Sunday 20 Apr
 
 

Permanent parking, mobile food

A plan to create a permanent food truck park in Midtown passed the Downtown Design Review Committee (DDRC) on April 17. The creator, Hunter Wheat, based it on other permanent food parks around the country, including places like New York, the Dallas/Ft. Worth-area and Austin, Texas.
04/18/2014 | Comments 0

Smooth pop

Ah, springtime in Oklahoma and the joy of eating food from a street vendor. Just in time for the warm weather, two new mobile concepts want you to chill out.
04/16/2014 | Comments 0

Egg-static

No single holiday has done more to ruin the reputation of eggs than Easter.
04/16/2014 | Comments 0

OKG7 eat: Fresh off the farm

There was a time not too terribly long ago in Oklahoma City when there was a chain on every corner and the closest you could get to local was to make a trip to your farmers market and make the food yourself. We always celebrate all things local, and luckily, it’s getting easier for OKC restaurants to incorporate locally grown, all- natural ingredients into what they offer.


— By Devon Green

photos by Mark Hancock and Shannon Cornman

04/16/2014 | Comments 0

OKG7 eat: Soccer pub crawl

Football season is finally here! We call it soccer, but that doesn’t have to stop you from indulging in two favorite European traditions: walking and pub crawling. Since the Energy FC games will be alcohol-free, we’ve created a list of pubs and taverns within walking distance from Clement E. Pribil Stadium at Bishop McGuinness Catholic High School.

— by Devon Green 

photos by Mark Hancock and Shannon Cornman

04/09/2014 | Comments 0

OGK7 eat: Dollars to doughnuts

While the idea of fried dough may or may not be American in origin, the traditional ring-shaped confection that we know and love does originate here. According to The Smithsonian, doughnuts were created by an enterprising New England sailor’s mother who wanted a way to store and transport pastry. Regardless of its origin, the doughnut is a modern favorite.

— by Devon Green, photos by Mark Hancock and Shannon Cornman 

04/02/2014 | Comments 0
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Restaurant Reviews
 

No reservations


A Warr Acres treasure has some of the best Indian tacos around.

Louis Fowler May 8th, 2013

Tim’s Drive Inn
5037 N. MacArthur Blvd., Warr Acres
789-5410

What works:
Indian tacos, of course
What needs work:
cash only, no debit or credit cards
Tips:
Order one of their “special” Dr. Peppers.

By: Mark Hancock

In middle and high school, I was active in Native American extracurricular activities, mostly because I thought it would look good on my transcripts. I was even named Native American Prince in some sort of assembly when I was a ninth-grader at Northwest Classen High School.

It should have been a proud moment, but I was embarrassed and made fun of, and so I backed away from those things and would hang out with the smokers in hopes of making out with that one chick who had a lip ring.

In my effort to be cool, I effectively betrayed my heritage in many ways. While I dropped out of things like the Native American Drug-Abuse Resistance Drama Club, I still attended powwows on a regular basis for one reason and really one reason only: to eat as much fry bread as possible, especially when topped with pinto beans, ground beef, cheese and lettuce.

I did it all for the Indian taco. Now older, wiser and more politically active with the Native community, one thing that has never left me: my undying need, my eternal passion for Indian tacos.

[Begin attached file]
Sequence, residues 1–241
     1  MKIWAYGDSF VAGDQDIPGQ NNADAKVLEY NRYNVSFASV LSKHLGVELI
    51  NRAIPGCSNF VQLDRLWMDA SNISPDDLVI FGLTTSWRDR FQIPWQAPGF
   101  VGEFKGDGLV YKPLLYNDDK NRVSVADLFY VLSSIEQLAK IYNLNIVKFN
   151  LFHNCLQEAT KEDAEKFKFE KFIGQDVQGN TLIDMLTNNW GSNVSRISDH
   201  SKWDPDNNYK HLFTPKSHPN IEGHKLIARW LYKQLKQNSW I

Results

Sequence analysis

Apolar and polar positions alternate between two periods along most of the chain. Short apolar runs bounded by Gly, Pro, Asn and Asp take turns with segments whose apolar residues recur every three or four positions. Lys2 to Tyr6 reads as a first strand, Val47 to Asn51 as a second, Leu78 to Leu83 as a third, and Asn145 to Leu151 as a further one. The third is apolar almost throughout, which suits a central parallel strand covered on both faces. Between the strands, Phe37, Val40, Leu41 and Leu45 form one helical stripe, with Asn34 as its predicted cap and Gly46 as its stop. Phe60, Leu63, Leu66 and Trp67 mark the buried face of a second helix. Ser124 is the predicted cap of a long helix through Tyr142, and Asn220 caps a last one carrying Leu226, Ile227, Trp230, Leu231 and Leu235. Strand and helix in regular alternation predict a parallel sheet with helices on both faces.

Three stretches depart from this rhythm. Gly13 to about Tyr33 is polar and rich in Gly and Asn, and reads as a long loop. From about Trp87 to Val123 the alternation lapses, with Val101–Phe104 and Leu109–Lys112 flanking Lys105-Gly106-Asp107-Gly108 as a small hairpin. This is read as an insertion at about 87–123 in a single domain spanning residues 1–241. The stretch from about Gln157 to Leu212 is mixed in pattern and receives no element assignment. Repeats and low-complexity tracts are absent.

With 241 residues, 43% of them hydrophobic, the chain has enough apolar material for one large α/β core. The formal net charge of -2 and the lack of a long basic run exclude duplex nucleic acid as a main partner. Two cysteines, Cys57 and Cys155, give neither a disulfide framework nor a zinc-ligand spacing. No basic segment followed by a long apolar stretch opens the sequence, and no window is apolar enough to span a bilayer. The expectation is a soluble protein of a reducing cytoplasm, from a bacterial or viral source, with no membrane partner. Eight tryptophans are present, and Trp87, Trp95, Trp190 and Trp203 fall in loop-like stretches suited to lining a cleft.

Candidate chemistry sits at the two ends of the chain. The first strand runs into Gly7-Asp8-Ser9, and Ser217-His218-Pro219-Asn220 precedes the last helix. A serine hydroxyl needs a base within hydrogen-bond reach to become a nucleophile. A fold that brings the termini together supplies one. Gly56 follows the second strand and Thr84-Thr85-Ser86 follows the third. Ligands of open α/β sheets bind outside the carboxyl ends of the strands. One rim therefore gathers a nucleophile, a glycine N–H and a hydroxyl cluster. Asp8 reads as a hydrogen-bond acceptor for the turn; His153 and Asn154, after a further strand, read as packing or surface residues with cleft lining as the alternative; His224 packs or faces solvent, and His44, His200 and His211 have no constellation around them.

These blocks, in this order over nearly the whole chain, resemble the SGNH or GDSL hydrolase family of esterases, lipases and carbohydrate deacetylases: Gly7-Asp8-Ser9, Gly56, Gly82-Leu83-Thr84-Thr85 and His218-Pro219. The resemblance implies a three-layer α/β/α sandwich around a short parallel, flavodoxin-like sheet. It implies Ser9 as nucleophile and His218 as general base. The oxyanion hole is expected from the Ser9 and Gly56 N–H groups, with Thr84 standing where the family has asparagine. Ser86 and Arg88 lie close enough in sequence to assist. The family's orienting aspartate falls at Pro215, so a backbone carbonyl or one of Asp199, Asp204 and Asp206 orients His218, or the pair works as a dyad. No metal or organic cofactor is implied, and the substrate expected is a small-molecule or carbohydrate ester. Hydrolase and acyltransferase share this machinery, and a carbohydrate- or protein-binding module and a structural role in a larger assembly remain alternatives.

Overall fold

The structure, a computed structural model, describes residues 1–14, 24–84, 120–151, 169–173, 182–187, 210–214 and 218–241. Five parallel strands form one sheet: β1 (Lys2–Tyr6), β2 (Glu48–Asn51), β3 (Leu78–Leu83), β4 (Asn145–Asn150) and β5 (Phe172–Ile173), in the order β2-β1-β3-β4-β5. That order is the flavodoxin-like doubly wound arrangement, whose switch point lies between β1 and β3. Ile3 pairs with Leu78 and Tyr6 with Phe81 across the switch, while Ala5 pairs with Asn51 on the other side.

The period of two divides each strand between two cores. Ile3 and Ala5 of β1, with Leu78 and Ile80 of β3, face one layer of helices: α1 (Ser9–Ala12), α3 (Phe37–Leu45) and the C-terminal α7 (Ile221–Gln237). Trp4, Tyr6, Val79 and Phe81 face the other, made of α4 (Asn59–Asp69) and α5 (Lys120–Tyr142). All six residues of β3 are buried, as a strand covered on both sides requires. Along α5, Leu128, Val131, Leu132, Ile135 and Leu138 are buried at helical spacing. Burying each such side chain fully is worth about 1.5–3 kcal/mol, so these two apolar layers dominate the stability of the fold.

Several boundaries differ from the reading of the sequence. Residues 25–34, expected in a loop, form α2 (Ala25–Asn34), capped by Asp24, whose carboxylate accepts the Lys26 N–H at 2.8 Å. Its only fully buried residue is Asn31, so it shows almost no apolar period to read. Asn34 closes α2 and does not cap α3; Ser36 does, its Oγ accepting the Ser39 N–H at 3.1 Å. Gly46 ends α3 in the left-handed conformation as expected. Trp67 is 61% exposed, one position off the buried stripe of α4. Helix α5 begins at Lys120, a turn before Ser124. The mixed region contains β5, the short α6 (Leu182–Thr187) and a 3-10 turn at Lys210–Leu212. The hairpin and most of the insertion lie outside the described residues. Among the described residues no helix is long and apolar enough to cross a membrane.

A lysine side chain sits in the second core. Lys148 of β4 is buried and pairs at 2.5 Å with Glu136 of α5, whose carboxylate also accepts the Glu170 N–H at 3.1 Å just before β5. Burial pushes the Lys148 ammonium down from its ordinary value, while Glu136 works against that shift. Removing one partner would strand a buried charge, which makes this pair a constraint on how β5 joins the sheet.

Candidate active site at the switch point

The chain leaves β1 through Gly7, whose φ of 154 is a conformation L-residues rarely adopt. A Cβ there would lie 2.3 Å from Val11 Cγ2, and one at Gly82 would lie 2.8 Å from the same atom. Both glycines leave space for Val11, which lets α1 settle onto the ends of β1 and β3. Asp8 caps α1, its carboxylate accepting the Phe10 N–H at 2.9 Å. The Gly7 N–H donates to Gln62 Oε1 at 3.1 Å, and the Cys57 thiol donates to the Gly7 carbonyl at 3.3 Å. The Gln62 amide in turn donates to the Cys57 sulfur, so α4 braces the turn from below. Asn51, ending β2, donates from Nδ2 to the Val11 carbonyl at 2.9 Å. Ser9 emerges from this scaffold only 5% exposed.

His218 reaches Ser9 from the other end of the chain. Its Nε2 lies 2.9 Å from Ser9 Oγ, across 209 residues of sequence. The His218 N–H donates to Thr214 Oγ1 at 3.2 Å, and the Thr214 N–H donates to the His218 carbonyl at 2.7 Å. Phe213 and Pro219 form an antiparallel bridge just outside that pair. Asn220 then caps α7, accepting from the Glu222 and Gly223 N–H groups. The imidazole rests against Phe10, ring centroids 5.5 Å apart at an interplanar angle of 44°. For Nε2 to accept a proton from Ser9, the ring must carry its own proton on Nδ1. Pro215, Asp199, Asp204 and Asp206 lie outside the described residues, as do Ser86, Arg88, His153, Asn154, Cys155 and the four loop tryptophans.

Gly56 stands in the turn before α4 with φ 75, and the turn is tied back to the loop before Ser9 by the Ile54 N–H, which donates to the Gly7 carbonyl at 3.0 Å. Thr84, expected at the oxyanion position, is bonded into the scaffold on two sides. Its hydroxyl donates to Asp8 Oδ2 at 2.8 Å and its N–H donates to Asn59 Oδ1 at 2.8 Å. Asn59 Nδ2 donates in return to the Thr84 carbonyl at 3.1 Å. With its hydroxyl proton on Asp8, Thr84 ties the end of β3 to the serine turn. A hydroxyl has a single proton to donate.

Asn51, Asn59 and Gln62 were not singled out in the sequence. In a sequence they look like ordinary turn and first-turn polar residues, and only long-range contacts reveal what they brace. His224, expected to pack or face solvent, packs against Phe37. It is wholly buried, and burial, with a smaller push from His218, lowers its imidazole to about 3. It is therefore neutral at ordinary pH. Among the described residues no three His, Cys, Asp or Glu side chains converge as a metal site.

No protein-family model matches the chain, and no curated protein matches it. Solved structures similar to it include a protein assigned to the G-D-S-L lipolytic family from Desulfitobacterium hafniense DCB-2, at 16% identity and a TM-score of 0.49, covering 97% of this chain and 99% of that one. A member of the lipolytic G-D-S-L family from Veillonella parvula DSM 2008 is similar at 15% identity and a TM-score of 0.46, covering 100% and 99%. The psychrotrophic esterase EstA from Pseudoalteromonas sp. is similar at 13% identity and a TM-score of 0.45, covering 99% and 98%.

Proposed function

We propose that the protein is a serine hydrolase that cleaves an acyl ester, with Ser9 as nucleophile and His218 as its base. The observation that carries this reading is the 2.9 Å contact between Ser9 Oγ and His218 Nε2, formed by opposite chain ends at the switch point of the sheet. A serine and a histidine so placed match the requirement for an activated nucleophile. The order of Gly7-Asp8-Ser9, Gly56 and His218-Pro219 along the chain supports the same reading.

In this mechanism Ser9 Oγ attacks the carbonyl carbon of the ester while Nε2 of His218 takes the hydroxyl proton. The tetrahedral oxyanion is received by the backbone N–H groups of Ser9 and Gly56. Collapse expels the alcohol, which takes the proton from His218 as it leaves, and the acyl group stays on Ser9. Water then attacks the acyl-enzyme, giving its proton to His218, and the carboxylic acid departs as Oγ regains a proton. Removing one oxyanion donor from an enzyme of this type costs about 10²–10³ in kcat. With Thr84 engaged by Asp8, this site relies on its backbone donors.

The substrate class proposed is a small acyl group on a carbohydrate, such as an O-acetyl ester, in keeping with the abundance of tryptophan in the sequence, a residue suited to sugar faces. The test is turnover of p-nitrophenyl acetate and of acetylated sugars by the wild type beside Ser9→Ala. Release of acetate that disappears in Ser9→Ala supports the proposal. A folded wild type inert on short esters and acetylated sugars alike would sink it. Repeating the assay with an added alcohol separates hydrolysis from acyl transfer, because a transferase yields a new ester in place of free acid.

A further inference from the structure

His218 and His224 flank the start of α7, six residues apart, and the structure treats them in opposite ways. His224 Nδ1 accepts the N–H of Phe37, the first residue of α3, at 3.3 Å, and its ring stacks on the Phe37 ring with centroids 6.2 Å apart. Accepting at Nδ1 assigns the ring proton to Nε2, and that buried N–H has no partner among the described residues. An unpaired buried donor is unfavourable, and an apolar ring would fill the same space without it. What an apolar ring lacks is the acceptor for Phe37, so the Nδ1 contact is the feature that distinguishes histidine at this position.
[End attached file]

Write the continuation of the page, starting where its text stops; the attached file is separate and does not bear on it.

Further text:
I have been to small-town volunteer fire department fundraisers, roadside stands and state fairs just to have my fill, but so far, none have come close to Tim’s Drive Inn’s Indian taco, widely regarded as an Oklahoma City favorite and the best Indian taco I’ve had outside of a powwow.

The restaurant is little more than a shack, with only a couple of barstools to sit on. Also, Tim’s doesn’t take debit or credit cards, so bring cash or else be prepared to hit the 7-Eleven ATM across the street. But once that cash is in hand, walk up to the window and promptly order the Indian taco ($6.49).

Don’t ask questions; just do it. The fry bread is absolutely perfect — crispy on the outside, a little doughy on the inside — and slathered with fresh pintos, lettuce, tomatoes and cheese.

The portion is more than generous; there was so much food that I ended up taking half of it home, something that rarely happens. I reheated it the next morning, and it was still just as delicious.

What’s particularly great about Tim’s Indian taco is that it doesn’t taste like the manufactured fair food most of us are used to. It’s the real deal, and it’s easy to see why it’s “world-famous.”

Another distinctly Oklahoma classic on the menu: its onion burger ($3.29, $3.79 with cheese). I tried that with a large side of — naturally — freedom fries ($2.89), because I love America, dammit.

Served hot off the grill and filled with fried onion goodness, it’s not the best I’ve ever had, but it sure does the job of satiating my need for a good greasy-spoon burger.

The fries were thick, crispy and very greasy, but the greasiness wasn’t a detriment here. If anything, it added to the old-school flair of the place, a bygone era when this kind of food wasn’t classified as unhealthy.

Also on the menu are Frito pies, Polish sausage hoagies, cheddar cheese balls, malts, dipped cones and so on: all the things that make us proudly the most obese nation in the world. As an added bonus, be sure to order the “special” Dr Pepper, which is sweet and syrupy.

I am still watching the bulletin boards and online messages for the next powwow so I can further explore my Choctaw heritage. But until then, Tim’s Indian tacos will be my go-to spirit guide for the most native of Oklahoma cuisine.

Chi hullo li, Tim’s!

 
  • Currently 3.5/5 Stars.
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